Sock puppets may not be such a good idea

sock puppet: the act of creating a fake online identity to praise, defend or create the illusion of support for one’s self, allies or company. — New York Times
Jim Galloway asks, About Beth Merkleson: Does Casey Cagle’s most out-spoken foe wear pants and carry a senator’s BlackBerry?
For a week, Republican grassroots activist Beth Merkleson has been on a tirade against Lt. Gov. Casey Cagle.

Fuming at allegations that Cagle was colluding with Democrats to recoup his power that Senate Republicans stripped from him last November, Merkleson dubbed her near-daily e-mails the “Georgia Senate Informer.”

Then again, it’s very possible that Merkleson never existed. Or that
she wears pants and bears a striking resemblance to Senate Majority Whip Cecil Staton, R-Macon.

Members of the Senate Republican Caucus today were handed a 10-page report compiled by Arch Adams of Hartwell, an Internet and political junkie, who says Merkleson and Staton shared the same computer IP address on Saturday, 19 minutes apart.

You may read the report here.

Staton denied it.
What happened was something of a sting. Adams, who sells trampolines and other outdoor fare online, sent an e-mail to Merkleson last Friday, four days after she started publishing her notes. “I just fool with the Internet and I like politics,” Adams said.

He used an alias, “T Smith,” to send a note to Merkleson. The note came back signed, “Cecil Staton.” So there’s one clue.

There’s more, about a bait website to which only Merkleson was given the address, yet:
Within 19 minutes, Staton clicked on it with his BlackBerry. The two websites indicated that both he and Merkleson shared the same IP address.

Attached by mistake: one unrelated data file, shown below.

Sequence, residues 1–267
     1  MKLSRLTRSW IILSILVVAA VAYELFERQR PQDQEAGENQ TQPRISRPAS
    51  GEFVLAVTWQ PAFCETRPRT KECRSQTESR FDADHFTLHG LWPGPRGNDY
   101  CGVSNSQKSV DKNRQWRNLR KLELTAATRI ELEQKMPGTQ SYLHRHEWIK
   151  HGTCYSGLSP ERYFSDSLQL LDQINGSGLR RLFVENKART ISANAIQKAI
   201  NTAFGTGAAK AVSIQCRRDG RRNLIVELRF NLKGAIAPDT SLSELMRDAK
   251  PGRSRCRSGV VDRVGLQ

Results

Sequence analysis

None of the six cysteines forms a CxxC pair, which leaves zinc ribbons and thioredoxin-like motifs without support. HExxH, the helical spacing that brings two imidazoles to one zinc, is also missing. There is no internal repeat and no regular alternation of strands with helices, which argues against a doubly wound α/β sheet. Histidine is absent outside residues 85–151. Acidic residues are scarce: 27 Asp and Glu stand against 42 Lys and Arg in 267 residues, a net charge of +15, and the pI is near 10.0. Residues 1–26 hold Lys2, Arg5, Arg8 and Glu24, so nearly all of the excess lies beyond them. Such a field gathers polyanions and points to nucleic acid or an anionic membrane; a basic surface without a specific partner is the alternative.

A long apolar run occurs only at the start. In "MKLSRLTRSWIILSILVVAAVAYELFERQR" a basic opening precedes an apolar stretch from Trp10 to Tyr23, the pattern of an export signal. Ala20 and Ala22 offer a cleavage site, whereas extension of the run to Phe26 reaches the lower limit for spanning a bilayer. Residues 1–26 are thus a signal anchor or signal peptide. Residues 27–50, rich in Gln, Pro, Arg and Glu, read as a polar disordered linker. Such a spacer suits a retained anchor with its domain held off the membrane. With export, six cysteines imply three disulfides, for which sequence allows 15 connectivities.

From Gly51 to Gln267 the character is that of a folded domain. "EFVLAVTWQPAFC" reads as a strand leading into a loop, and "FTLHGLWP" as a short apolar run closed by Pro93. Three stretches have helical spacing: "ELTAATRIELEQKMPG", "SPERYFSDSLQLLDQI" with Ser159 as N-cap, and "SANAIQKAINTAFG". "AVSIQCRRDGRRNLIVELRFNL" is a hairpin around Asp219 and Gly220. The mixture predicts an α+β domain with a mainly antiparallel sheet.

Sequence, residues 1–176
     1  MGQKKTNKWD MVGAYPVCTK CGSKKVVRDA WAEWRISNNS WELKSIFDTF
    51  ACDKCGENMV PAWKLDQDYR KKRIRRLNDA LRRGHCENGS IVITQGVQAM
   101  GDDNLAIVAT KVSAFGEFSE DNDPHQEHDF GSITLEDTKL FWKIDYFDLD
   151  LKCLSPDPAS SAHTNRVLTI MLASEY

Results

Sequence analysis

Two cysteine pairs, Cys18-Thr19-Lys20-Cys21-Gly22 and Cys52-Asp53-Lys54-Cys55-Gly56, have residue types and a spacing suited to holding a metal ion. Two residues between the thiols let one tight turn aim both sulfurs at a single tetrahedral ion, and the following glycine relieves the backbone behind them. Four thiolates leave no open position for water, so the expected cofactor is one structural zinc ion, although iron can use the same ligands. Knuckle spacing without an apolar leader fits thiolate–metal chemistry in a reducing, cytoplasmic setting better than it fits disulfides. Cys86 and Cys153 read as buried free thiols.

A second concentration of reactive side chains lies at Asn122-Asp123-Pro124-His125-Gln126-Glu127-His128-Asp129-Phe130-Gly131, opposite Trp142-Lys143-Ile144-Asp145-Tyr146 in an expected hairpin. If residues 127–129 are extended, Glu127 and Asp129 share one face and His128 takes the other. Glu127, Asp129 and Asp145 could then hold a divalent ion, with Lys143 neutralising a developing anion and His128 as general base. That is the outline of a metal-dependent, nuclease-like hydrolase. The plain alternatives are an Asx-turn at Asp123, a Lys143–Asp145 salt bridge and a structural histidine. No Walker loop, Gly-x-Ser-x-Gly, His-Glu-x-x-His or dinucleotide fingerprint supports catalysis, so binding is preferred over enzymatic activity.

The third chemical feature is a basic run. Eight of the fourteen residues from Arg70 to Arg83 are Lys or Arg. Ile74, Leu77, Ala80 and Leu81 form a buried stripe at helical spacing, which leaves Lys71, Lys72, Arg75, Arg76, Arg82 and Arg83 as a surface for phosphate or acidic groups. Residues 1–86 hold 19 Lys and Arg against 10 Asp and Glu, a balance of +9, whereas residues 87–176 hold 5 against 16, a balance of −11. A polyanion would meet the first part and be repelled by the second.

And this:
According to data from the sectary of state’s office, there is no Beth or Elizabeth Merkleson registered to vote in Georgia. With or without a mother in Dayton. Nexus can find no evidence that such a person exists, here or in Ohio.
What effect could that have? Brad Stone and Matt Richtel wrote in the NYTimes, The Hand That Controls the Sock Puppet Could Get Slapped:
For high-profile figures, particularly members of political campaigns, sock-puppeting can be a shortcut to career disaster. In September, Tad Furtado, the policy director for the then-representative from New Hampshire, Charles Bass, a Republican, was caught posting under assumed names on Democratic blogs, arguing that the race was not competitive and that Democrats should focus their energies elsewhere. Liberal bloggers traced the source of the messages back to the House of Representatives and identified Mr. Furtado, who lost his job. His boss lost the election.
Sock puppeting can be a fast way to lose political capital.
sock puppet: An account made on an internet message board, by a person who already has an account, for the purpose of posting more-or-less anonymously. — urban dictionary


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